Orioles logo

Signs of approaching fall: position players being converted into pitchers

11 Comments

I always get a little bummed when August comes to a close and the minor league seasons end. It snakes up on me and reminds me that, in a couple of days, there will be a couple thousand professional baseball players not playing baseball until next spring.

And there are always a couple of signifying end-of-season stories that happen too.  The decision for someone to finally have that surgery they’ve been putting off is one. Another: some random prospect being converted into a pitcher, or vice-versa:

The Orioles placed Delmarva shortstop Mychal Givens on the inactive list Wednesday for an unspecified reason. Givens, who has also been dealing with some elbow soreness, could be back before the Shorebirds’ season ends Sept. 3 in West Virginia.

But it’s possible the second-round pick in the 2009 draft has played his last game as an infielder in the Orioles’ organization.Don’t be surprised if he ends up as a pitcher next year. That’s the plan for now.

I know nothing about this guy I didn’t read in the article (short version: he’s a shorstop who can’t hit or field but who threw 96 m.p.h. in high school).  But I always get some twinge of … something when I read this kind of thing.  The stuff about the season ending like I said. Also some weird feelings I always get when I hear about people making big life changes. A combination of excitement, trepidation and some sadness over plans going awry.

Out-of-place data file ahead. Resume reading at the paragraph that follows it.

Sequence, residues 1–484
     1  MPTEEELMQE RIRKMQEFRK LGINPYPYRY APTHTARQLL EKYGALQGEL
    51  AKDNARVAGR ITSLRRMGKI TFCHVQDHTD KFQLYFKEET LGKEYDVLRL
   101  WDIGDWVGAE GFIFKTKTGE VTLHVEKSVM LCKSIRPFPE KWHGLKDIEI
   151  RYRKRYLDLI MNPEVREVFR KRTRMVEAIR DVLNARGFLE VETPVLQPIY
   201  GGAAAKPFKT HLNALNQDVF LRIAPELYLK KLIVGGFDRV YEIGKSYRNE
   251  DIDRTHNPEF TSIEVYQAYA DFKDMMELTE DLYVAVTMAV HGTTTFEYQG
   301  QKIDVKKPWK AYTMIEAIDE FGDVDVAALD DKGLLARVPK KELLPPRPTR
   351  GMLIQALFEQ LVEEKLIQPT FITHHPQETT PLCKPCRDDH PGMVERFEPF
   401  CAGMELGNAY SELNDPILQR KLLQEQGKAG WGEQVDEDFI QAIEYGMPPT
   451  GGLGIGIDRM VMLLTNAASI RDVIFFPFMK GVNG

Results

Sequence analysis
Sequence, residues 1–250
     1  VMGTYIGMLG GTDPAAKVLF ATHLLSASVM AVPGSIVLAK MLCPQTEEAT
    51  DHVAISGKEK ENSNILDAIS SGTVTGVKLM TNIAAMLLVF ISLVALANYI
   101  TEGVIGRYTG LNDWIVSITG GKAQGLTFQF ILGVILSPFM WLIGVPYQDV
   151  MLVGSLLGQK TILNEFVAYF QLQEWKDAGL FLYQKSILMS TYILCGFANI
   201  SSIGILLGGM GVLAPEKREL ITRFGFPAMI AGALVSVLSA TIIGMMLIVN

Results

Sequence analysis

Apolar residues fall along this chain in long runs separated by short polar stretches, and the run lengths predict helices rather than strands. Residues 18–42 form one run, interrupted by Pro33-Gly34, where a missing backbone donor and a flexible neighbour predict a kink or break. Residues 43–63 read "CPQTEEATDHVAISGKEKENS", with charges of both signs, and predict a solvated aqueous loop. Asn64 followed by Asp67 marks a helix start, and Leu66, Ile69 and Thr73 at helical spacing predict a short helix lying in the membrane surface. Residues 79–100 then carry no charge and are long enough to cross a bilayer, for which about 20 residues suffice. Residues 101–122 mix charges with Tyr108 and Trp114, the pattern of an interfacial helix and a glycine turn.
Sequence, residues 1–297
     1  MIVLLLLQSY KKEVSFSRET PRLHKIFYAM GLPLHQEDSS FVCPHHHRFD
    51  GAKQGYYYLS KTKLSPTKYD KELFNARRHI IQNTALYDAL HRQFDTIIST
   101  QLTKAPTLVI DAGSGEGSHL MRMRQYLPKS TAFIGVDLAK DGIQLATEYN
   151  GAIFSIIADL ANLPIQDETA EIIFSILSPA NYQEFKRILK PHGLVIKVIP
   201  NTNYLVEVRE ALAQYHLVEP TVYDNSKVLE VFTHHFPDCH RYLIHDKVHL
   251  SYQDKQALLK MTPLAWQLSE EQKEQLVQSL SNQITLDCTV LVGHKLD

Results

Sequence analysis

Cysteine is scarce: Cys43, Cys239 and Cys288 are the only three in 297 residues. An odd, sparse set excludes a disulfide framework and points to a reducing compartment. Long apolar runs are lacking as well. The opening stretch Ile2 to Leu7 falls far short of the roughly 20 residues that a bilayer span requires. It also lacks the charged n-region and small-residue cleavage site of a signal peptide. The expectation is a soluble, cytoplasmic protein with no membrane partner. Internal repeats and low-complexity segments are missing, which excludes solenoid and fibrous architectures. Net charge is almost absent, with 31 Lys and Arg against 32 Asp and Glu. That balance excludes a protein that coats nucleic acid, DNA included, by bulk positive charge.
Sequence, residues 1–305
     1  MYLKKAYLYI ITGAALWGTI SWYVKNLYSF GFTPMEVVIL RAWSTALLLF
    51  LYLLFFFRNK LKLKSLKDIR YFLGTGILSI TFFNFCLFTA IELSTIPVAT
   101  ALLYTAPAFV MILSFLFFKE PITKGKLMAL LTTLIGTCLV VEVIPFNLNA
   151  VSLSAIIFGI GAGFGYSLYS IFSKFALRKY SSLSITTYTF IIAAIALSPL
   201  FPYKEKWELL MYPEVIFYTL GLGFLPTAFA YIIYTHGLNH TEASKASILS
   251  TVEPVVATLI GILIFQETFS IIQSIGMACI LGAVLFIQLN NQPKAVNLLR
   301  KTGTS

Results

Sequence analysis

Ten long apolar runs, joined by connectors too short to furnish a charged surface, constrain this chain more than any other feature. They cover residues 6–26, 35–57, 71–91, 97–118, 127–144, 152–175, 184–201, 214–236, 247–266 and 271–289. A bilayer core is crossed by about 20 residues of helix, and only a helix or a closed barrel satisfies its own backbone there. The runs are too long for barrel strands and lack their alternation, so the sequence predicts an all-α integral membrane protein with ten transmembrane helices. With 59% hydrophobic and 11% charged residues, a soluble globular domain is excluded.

What’s on Tap: Previewing Thursday’s action

PHILADELPHIA, PA - JUNE 16: Starting pitcher J.A. Happ #33 of the Toronto Blue Jays delivers a pitch in the seventh inning against the Philadelphia Phillies at Citizens Bank Park on June 16, 2016 in Philadelphia, Pennsylvania. (Photo by Drew Hallowell/Getty Images)
Drew Hallowell/Getty Images
2 Comments

Did you know J.A. Happ is in the thick of the American League Cy Young Award race? Of all the contenders, he may be the biggest surprise, even ahead of Drew Pomeranz. Happ leads the league with 17 wins and only has three losses to go with it. He’s holding a 3.05 ERA and a 133/44 K/BB ratio in 150 1/3 innings.

It wasn’t all that long ago that Happ was struggling to stay in a starting rotation. In 2011, his first full season with the Astros, he finished with a 5.35 ERA. In 2012, he put up a 4.79 ERA with the ‘stros and Blue Jays. The next year? 4.56 followed by 4.22, both with the Jays. Then, with the Mariners, he continued the mediocrity with a 4.64 ERA before he was traded to the Pirates.

Under the tutelage of Pirates pitching coach Ray Searage, Happ turned his career around. In 11 starts in Pittsburgh, the lefty had a microscopic 1.85 ERA. That came with significant improvements in his strikeout and walk rates. Even the ERA retrodictors like FIP and xFIP, which had so often agreed with his uninspiring ERA’s, agreed that he had thrown like an elite hurler. So that’s how we arrived at J.A. Happ, Cy Young Award contender.